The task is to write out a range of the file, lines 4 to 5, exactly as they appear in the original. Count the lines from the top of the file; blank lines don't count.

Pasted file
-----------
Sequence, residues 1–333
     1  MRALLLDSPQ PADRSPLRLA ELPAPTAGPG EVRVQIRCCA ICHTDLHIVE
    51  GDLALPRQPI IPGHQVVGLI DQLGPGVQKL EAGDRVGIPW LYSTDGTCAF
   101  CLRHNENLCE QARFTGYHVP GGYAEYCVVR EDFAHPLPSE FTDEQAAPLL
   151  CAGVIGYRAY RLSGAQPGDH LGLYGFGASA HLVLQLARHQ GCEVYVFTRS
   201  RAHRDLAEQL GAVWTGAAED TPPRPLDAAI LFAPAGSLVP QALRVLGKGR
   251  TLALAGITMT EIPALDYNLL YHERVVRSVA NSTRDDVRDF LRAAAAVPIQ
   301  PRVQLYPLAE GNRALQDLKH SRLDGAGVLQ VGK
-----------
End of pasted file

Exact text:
   101  CLRHNENLCE QARFTGYHVP GGYAEYCVVR EDFAHPLPSE FTDEQAAPLL
   151  CAGVIGYRAY RLSGAQPGDH LGLYGFGASA HLVLQLARHQ GCEVYVFTRS